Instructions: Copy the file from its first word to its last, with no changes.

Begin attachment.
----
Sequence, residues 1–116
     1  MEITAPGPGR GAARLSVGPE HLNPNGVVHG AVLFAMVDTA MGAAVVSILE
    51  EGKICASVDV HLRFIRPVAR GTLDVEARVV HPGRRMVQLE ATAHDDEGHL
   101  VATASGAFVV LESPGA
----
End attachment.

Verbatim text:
Sequence, residues 1–116
     1  MEITAPGPGR GAARLSVGPE HLNPNGVVHG AVLFAMVDTA MGAAVVSILE
    51  EGKICASVDV HLRFIRPVAR GTLDVEARVV HPGRRMVQLE ATAHDDEGHL
   101  VATASGAFVV LESPGA